Iceland’s Prime Minister Geir H. Haarde says that he had suggested to the leaders of Landsbanki and Glitnir banks in mid-August that they should consider a merger. His proposal was rejected on the grounds that the banks were in a strong position.
“In August I made an effort to initiate discussions of a merger between Glitnir and Landsbanki. That idea was presented by a person on my behalf to all of these individuals [leaders of Landsbanki] but they were not interested in it at the time,” Haarde told Fréttabladid.
The prime minister is responding to claims made by Björgólfur Thor Björgólfsson, one of Landsbanki’s biggest shareholders, and other leaders of the bank that they had proposed a merger between Glitnir, Landsbanki and Straumur Investment Bank to prevent their bankruptcy after the state acquired a 75 percent stake in Glitnir on September 29.
“Björgólfur Thor for example believed [in August] that [Landsbanki’s] position was so strong that such ideas were not timely,” the prime minister added. Six weeks later Björgólfsson and his associates presented their merger ideas to Haarde.
“I am not in a position to evaluate whether a merger in August would have prevented the downfall of the banks,” Haarde said. “But at the time the Lehman bank had not gone bankrupt and loan opportunities were still open.”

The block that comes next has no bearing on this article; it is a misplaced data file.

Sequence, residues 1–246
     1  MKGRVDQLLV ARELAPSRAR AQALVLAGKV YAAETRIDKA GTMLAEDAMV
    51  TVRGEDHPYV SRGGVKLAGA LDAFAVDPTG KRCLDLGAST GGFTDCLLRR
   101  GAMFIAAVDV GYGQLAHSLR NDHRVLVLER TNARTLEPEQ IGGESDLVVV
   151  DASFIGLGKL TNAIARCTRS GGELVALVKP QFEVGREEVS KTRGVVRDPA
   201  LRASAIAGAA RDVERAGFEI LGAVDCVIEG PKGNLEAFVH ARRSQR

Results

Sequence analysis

“Therefore I believe that those who are submitting some documents now have to take a good look at t themselves. I just say it the way it is,” Haarde added, referring to documents on Landsbanki’s ideas of a merger covered in Fréttabladid yesterday.
Björgólfsson and Landsbanki’s two CEOs, Halldór J. Kristjánsson and Sigurjón Árnason, presented these documents to the prime minister on September 29, proposing that the state contribute ISK 100 billion (USD 860 million, EUR 650 million) towards the merger. The state would instead hold a governing share in the new bank.
“That plan was reviewed by me and the Central Bank. Judging by the numbers presented, it was assumed that the owners of Landsbanki and Straumur would own two thirds of the merged bank in exchange for the state’s contribution. The owners of Glitnir would have almost disappeared from the picture. The idea was totally unacceptable,” Haarde stated.
Haarde added that if by publishing the documents from their meeting, the leaders of Landsbanki were suggesting that the government or the Central Bank had wanted the banks to go bankrupt; they were making cheap and false accusations.
“We did everything we could to prevent the bankruptcy of the banks. The truth is that they couldn’t refinance themselves. The path that we took, to introduce emergency law and to go straight to work after that, saved the things that could be saved,” the prime minister concluded.
Photo of Prime Minister Geir H. Haarde by Sigurdur Jökull Ólafsson. Copyright: IPA.